California has been trying to ban the delicacy foie gras for quite some time. The French dish is well-known in fine dining, but it is made from the liver of a duck or goose that has been force-fed to increase the fat content. Many have said the process constitutes animal cruelty.
The ban was passed into law back in 2004, but it was phased in gradually. It finally went into full effect in 2012, at which time foie gras producers promptly sued the state government. Fast forward to 2015, and a federal judge overturned the ban, stating that it was unconstitutional and went against federal poultry law.
Two years after that, the higher Ninth Circuit court ruled 3-0 that the federal judge had made an error, and allowed California to keep the ban. Again, foie gras producers appealed, this time to the U.S. Supreme Court. But the Supreme Court declined to hear the case, making the previous Ninth Circuit ruling final.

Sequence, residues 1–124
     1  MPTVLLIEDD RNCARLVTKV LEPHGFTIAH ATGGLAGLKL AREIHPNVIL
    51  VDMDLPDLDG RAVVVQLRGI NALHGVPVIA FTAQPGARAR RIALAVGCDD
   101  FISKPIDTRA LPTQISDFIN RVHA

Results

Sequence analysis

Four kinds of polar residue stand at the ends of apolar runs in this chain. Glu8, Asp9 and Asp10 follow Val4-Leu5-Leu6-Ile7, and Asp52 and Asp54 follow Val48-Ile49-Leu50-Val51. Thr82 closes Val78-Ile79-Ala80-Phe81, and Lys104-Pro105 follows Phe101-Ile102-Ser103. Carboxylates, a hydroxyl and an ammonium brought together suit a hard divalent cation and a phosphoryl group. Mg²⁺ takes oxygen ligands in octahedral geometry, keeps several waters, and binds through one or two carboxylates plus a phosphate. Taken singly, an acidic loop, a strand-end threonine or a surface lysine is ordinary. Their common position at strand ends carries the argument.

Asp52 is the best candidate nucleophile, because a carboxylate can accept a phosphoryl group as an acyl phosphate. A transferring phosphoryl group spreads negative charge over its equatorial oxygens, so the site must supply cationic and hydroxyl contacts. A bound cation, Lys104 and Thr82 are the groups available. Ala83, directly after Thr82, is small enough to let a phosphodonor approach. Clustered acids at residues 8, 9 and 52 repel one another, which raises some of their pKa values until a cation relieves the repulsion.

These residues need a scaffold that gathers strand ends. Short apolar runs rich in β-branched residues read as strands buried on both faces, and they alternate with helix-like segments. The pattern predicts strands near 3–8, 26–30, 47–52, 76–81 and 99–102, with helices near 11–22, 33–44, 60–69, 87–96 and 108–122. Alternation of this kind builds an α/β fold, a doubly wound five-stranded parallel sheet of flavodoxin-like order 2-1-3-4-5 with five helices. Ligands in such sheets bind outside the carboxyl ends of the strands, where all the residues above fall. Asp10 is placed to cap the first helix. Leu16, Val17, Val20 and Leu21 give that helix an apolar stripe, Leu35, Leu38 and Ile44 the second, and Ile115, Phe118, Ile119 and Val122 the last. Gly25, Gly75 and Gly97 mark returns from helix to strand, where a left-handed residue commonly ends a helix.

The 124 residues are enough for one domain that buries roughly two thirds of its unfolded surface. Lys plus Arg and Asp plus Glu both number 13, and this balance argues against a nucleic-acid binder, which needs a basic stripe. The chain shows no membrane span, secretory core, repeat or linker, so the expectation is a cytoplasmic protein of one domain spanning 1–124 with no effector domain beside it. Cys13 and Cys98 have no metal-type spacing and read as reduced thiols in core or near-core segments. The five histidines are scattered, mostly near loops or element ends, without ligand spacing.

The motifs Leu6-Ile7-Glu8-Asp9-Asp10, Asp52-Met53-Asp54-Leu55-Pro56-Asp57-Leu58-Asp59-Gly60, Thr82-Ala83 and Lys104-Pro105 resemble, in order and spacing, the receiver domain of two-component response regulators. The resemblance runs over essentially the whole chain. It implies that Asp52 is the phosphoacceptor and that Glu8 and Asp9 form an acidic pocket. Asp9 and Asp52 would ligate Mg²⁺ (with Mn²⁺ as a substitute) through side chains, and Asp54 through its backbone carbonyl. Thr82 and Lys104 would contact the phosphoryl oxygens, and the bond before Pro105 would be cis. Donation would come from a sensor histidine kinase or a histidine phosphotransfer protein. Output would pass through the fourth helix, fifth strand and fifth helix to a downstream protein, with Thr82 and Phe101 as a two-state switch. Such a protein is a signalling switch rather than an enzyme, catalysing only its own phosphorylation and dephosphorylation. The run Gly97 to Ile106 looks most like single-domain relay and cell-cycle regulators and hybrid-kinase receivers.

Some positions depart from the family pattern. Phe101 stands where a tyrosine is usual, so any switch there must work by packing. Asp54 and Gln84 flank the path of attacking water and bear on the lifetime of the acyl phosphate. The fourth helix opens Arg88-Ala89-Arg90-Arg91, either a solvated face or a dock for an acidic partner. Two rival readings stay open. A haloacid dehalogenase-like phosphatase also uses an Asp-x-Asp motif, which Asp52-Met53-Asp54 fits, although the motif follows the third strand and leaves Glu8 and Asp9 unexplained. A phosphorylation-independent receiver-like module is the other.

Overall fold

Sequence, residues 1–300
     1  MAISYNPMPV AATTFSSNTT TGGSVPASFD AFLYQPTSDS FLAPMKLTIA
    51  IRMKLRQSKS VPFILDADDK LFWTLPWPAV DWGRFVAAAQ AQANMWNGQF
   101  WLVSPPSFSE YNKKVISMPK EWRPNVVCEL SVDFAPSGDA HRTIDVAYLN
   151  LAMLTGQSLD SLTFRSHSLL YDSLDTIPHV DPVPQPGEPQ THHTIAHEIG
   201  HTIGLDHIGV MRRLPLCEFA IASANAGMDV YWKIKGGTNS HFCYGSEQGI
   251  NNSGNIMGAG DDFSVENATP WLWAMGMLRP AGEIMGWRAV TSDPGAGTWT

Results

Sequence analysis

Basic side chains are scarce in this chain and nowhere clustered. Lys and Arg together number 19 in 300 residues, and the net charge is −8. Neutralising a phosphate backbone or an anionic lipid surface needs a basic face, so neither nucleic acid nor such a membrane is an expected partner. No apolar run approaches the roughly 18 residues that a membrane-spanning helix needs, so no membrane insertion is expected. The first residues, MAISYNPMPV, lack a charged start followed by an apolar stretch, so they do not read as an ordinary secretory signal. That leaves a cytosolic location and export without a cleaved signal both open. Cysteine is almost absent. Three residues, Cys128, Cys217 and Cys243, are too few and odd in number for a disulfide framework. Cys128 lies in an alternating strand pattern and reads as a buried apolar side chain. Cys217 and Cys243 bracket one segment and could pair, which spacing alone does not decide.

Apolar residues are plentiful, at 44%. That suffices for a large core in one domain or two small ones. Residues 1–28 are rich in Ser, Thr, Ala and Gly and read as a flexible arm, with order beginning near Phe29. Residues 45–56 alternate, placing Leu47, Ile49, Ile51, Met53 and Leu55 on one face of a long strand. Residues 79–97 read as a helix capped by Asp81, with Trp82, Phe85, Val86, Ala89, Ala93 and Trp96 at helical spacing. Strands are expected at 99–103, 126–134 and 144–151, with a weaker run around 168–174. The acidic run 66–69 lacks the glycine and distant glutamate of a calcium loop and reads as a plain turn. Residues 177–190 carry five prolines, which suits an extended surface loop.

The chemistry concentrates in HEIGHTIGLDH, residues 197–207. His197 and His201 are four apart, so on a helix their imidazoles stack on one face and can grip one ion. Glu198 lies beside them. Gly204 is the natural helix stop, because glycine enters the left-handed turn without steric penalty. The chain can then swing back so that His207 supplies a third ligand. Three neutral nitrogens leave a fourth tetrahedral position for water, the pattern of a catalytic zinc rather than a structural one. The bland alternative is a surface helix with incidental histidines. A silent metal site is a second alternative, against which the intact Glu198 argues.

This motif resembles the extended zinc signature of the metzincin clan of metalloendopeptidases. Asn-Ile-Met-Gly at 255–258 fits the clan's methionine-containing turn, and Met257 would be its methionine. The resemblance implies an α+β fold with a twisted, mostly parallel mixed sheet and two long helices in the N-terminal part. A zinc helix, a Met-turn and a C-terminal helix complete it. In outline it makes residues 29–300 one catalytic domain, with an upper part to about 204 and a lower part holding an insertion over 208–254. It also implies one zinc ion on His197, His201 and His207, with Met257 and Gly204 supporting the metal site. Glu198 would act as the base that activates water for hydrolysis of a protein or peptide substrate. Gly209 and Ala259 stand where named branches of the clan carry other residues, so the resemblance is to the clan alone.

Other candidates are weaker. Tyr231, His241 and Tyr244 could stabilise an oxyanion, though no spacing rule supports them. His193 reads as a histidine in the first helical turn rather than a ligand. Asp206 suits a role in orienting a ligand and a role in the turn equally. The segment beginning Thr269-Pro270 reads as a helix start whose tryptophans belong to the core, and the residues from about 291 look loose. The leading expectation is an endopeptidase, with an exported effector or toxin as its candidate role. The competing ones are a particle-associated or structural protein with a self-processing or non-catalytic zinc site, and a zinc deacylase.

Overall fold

Foie gras producers say that the consumer should be able to make the choice about what they do and don't want to eat. Restaurants, for their part, have tried to find loop-holes. For example, some have given away foie gras for "free" when other expensive dishes were purchased.